Make an Appointment

Ask a Question
Refer a Patient

1.877.CALL NJH

Daily Pollen Count

Feeling sneezy or itchy? Check our daily pollen count to learn
what's in the air.

Systemic Vasculitis: Overview

Vasculitis is an inflammation of the blood vessels in the body, caused by the immune system attacking the body's own blood vessels. Once the blood vessels are inflamed, this can lead to serious complications.

Vasculitis can affect any of the body's blood vessels (arteries, veins, and capillaries). When a blood vessel becomes inflamed, it can:

  • Narrow. This makes it more difficult for blood to move through the vessel.
  • Close off completely. Blood cannot move through at all (called occlusion).
  • Bulge. Rarely, a vessel can stretch and weaken, leading to a bulge (or aneurysm). It may possibly burst (rupture).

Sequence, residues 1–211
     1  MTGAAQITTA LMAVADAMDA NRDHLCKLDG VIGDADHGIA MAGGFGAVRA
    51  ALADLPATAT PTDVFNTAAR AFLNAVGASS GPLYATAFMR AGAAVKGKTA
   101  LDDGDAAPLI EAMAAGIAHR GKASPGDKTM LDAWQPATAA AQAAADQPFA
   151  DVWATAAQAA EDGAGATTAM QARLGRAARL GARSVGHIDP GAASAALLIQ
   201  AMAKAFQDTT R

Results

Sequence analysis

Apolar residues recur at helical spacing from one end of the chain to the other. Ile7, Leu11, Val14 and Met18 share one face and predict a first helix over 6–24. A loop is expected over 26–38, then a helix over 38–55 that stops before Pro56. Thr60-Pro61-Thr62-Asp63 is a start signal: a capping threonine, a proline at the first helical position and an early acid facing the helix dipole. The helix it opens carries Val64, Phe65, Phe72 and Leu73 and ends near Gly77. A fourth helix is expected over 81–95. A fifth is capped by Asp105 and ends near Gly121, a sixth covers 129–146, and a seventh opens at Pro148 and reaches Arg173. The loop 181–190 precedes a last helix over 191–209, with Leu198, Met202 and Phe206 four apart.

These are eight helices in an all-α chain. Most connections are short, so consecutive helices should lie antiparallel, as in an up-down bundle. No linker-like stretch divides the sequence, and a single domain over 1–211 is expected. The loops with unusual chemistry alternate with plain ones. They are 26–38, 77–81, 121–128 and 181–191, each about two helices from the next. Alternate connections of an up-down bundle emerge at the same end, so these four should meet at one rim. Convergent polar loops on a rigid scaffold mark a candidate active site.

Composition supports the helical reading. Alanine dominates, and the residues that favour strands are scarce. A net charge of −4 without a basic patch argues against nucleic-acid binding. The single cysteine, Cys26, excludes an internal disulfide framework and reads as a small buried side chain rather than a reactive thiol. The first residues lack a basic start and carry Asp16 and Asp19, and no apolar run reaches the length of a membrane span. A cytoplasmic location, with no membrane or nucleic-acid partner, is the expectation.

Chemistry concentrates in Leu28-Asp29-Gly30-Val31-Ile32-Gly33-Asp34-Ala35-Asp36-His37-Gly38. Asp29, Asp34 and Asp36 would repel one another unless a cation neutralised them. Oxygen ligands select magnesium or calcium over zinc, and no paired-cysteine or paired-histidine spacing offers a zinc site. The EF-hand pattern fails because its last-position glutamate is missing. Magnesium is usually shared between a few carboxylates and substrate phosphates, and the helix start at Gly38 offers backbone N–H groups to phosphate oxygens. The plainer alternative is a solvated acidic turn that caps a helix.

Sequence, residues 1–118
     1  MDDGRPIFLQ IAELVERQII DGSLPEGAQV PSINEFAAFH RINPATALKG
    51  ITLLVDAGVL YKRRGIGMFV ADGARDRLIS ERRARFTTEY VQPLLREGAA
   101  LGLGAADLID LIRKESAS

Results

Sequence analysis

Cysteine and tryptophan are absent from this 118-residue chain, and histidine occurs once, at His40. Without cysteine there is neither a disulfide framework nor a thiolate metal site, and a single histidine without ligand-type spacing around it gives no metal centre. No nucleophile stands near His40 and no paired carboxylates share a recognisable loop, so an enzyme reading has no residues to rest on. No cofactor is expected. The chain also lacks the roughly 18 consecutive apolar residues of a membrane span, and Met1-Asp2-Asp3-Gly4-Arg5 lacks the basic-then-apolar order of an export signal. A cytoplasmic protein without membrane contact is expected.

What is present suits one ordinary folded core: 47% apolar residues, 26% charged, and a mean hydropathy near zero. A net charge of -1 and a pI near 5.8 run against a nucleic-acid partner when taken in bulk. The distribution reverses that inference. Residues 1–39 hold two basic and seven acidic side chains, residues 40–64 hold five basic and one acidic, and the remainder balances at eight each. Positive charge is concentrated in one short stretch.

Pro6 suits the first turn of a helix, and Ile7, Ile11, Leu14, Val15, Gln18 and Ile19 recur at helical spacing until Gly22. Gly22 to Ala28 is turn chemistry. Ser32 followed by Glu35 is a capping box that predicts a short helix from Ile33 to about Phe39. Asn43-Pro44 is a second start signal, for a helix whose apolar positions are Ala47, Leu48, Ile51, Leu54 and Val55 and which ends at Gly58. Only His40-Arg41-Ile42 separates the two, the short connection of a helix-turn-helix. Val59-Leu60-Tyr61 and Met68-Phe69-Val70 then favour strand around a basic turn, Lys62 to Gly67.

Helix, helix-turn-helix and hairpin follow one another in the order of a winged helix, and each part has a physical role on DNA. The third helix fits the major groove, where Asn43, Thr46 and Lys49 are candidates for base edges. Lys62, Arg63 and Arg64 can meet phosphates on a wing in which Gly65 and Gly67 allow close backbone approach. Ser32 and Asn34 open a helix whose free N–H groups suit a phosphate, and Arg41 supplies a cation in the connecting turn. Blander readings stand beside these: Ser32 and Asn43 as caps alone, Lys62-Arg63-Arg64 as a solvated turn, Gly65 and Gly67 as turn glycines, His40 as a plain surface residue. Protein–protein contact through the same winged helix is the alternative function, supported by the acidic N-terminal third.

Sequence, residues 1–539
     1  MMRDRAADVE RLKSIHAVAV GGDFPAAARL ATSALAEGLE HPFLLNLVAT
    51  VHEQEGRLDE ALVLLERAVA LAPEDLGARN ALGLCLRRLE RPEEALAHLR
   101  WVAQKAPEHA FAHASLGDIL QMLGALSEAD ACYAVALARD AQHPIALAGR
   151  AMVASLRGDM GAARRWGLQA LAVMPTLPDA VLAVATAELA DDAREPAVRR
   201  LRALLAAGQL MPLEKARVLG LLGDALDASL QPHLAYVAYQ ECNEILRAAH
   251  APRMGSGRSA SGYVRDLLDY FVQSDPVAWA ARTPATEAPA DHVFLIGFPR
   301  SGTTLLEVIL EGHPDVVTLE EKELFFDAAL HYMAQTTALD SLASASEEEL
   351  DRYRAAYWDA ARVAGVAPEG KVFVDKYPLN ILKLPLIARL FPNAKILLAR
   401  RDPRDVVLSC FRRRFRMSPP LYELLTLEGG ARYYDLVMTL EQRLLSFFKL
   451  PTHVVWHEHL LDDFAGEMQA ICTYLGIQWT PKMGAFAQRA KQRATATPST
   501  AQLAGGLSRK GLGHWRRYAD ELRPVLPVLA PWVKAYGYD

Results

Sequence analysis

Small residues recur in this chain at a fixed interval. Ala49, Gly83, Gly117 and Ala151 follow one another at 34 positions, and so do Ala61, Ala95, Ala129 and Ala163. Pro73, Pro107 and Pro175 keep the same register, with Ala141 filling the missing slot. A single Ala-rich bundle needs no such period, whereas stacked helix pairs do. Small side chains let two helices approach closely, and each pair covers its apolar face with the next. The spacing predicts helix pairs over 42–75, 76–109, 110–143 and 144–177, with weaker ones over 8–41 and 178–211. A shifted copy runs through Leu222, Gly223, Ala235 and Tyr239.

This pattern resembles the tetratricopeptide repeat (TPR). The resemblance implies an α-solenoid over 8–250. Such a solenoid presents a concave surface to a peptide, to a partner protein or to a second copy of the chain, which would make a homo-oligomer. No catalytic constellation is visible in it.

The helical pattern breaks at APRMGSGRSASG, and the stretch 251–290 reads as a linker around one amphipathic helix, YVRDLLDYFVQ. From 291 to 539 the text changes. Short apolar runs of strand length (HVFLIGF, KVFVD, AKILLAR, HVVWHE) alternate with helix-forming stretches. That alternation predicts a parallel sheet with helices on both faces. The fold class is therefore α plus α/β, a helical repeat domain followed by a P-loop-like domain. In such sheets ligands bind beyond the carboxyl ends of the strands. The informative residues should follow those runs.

The disruption in blood flow from inflammation can damage the body's organs. Specific signs and symptoms depend on which organ has been damaged and the extent of the damage. Typical signs and symptoms of inflammation (fever, swelling, and a general sense of feeling ill) are common among people with vasculitis.

More Systemic Vasculitis Information
Bookmark and Share

Rheumatology Program

Many new therapies for inflammatory rheumatologic diseases have been made available, and we are focused on finding the best therapeutic program for every patient.

Learn more.

Sign Up for e-Newsletters

Enter your email address to receive health tips, recent research findings and news about National Jewish Health.